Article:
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Ed Driscoll

Totally, you guys:

Left-wing radical Bill Ayers, a longtime friend of President Barack Obama, recently defended the series of bombings that he carried out as a member of the Weather Underground, saying that his bombings were not like the Boston Marathon attack and that America is the most violent country that has ever been created.

Ayers — who participated in a series of anti-Vietnam War bombings in the early 1970s including an attack on New York City police department headquarters and the Pentagon — answered an Akron Beacon Journal reporter’s questions after giving a keynote speech at an event commemorating the anniversary of the 1970 Kent State National Guard shootings.

Ayers said that there is no equivalence between his bombings and the deadly bombings that rocked the Boston Marathon.

“What I did was some destruction of property to issue a scream and cry against an illegal war in which 6,000 people a week are being killed,” Ayers said.

Ayers reportedly said that the United States is the most violent country that has ever been created, and said that Republican Senator and Vietnam War hero John McCain committed daily war crimes.

“Six thousand a week being killed and I destroyed some property. Show me the equivalence. You should ask John McCain that question … I’m against violence,” Ayers said.

Well, the Weathermen certainly had a funny way of expressing their pacifism back then.  These days, we tend to remember the Weathermen solely for the Pentagon incident (particularly after the New York Times’ fawning profile of Ayers that ran, with horrible synchronicity, on September 11th, 2001), and the botched Fort Dix bomb, but according to Jonah Goldberg in Liberal Fascism, they were remarkably active in the late ’60s and early ’70s:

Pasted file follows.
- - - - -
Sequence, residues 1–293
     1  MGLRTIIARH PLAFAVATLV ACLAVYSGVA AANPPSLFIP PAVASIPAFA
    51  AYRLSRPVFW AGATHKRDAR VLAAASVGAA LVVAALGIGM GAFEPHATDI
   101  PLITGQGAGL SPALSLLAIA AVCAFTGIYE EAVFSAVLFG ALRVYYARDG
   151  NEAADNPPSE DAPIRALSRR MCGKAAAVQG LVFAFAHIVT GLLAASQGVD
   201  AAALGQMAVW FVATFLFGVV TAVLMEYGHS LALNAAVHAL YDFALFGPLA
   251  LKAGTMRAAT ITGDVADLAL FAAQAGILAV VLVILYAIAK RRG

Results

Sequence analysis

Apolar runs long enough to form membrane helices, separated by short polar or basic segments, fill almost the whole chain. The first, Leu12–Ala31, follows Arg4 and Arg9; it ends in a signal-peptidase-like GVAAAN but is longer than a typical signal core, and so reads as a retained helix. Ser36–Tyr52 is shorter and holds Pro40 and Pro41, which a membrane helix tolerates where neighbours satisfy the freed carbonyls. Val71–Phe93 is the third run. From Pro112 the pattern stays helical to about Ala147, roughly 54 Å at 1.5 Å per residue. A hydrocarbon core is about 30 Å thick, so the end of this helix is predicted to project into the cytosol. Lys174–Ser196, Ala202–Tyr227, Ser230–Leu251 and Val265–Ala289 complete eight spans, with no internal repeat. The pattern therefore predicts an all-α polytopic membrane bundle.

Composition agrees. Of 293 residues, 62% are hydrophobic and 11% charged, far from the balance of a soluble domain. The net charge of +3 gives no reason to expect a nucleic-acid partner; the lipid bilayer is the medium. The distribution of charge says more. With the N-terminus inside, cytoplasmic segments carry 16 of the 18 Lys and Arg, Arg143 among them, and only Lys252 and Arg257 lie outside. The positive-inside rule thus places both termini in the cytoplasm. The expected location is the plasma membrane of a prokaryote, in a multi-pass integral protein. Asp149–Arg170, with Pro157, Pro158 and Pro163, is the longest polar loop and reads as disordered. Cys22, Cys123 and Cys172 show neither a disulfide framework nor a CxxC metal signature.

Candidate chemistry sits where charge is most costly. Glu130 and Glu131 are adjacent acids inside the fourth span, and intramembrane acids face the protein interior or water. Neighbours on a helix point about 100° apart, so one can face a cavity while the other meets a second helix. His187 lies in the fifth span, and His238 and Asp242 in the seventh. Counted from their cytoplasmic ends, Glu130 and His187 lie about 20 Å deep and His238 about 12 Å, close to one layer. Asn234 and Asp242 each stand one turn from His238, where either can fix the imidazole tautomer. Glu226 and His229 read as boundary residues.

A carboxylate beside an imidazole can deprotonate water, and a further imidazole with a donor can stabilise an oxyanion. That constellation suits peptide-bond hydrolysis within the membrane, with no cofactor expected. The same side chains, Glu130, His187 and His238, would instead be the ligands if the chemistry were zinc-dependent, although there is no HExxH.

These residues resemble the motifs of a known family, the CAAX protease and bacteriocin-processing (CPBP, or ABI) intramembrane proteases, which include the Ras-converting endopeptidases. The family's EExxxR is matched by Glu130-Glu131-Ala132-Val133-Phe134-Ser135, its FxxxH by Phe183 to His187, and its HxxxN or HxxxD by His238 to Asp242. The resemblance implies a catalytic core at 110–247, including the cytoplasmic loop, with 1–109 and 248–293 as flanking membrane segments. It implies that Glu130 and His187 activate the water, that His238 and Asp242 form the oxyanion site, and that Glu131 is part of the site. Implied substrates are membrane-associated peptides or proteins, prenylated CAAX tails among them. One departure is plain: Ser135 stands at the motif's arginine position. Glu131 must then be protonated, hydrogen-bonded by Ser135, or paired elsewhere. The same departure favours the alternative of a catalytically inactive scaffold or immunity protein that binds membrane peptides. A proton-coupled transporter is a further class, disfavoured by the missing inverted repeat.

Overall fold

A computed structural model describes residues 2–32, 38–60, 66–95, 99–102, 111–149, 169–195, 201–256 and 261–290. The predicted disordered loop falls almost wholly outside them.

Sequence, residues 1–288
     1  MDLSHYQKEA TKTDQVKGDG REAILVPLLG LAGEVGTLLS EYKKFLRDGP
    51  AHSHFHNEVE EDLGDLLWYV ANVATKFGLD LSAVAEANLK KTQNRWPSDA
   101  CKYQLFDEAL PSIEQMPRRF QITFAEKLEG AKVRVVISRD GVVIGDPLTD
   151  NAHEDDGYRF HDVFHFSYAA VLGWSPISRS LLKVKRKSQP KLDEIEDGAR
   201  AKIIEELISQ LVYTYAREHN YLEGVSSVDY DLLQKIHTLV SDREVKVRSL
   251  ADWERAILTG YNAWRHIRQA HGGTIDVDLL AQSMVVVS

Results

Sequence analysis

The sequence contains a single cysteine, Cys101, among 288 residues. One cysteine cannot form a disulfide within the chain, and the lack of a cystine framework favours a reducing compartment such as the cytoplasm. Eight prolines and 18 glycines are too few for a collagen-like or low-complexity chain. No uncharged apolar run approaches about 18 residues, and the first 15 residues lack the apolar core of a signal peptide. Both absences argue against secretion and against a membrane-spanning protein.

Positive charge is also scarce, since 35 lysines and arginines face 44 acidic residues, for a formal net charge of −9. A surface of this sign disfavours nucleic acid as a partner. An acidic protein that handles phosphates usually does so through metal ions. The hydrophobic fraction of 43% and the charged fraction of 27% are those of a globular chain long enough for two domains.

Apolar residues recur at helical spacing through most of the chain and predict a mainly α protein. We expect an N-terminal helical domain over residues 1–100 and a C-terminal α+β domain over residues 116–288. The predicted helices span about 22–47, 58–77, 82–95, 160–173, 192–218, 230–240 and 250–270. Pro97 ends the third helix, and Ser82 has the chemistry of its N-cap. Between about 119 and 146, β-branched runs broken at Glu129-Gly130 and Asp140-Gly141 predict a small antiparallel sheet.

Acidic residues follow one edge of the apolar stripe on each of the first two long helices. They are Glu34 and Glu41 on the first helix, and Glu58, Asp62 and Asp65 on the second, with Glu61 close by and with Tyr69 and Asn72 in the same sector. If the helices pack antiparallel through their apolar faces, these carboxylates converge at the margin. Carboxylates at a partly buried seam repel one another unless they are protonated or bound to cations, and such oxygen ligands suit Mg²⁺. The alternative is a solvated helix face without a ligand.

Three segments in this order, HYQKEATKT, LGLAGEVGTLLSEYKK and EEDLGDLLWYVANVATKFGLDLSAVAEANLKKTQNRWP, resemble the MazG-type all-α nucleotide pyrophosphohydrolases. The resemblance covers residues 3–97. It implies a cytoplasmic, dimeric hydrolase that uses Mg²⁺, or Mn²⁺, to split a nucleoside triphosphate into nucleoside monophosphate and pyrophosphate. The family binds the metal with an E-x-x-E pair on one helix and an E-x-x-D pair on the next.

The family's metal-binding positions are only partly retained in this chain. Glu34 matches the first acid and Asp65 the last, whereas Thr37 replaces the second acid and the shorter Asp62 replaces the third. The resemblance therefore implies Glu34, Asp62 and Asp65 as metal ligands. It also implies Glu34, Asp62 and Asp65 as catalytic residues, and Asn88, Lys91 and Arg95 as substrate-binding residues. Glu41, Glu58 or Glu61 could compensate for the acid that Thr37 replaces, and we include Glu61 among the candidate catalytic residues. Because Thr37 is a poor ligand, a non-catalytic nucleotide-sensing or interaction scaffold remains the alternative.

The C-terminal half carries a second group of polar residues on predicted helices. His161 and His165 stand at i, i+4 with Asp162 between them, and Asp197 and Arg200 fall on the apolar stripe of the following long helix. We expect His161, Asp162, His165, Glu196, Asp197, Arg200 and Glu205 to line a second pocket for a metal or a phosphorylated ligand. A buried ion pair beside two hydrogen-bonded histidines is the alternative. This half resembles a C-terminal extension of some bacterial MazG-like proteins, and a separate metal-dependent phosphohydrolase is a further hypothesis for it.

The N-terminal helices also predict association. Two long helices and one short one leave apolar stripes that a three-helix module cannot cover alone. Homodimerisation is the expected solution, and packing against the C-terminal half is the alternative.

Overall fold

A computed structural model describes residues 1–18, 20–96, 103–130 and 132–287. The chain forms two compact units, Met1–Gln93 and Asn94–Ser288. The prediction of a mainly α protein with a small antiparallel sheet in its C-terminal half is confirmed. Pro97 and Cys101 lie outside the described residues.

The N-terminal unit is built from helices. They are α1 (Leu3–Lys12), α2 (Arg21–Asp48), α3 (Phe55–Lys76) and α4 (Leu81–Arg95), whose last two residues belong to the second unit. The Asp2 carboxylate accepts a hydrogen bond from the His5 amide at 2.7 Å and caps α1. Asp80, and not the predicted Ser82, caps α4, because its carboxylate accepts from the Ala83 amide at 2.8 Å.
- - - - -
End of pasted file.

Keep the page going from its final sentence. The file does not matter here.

Many of us forget that the Weather Underground bombing campaign was not a matter of a few isolated incidents. From September 1969 to May 1970, Rudd and his co-revolutionaries on the white radical left committed about 250 attacks, or almost one terrorist bombing a day (government estimates put that number much higher). During the summer of 1970, there were twenty bombings a week in California. The bombings were the backbeat to the symphony of violence, much of it rhetorical, that set the score for the New Left in the late 1960s and early 1970s. Rudd captured the tone perfectly: “It’s a wonderful feeling to hit a pig. It must be a really wonderful feeling to kill a pig or blow up a building.” [Mark Rudd is now is now "a math teacher at a community college in Albuquerque, New Mexico," Jonah adds elsewhere -- Ed] “The real division is not between people who support bombings and people who don’t,” explained a secret member of a “bombing collective,” but “between people who will do them and people who are too hung up on their own privileges and security to take those risks.”

Wikipedia has a page titled “List of Weatherman Actions.” It’s certainly extensive; it may even be accurate.

At Hot Air today, Allahpundit adds, “Good news from Bill Ayers: My terrorism was nothing like the terrorism in Boston:”

The Tsarnaevs wanted to kill people, whereas the Weather Underground mostly wanted to blow up property except for that time they built nail bombs to kill soldiers at a dance at Fort Dix but ended up blowing themselves up instead. Oh, and the time they probably killed a cop in San Francisco and wounded nine others. There’s the big distinction.

Two mild surprises here. One: Ayers doesn’t attempt to defend the Tsarnaevs’ motive, even though it was anti-war of a sort. This is a prime opportunity to lecture about “blowback” by the oppressed people of the Muslim world who object to U.S. imperialism, etc etc etc, even while condemning the tactics, but he doesn’t take it. Maybe the politics of defending the Tsarnaevs, however mildly, are too toxic even for him. Two: Almost 50 years later, he’s still looking for ways to defend the Weathermen’s tactics even though he loses more than he gains by it. You would think he’d regret setting bombs, even “just” to destroy property, if only because it made it easier for hawks at the time to discredit the wider left as radicals and terrorists. Nope.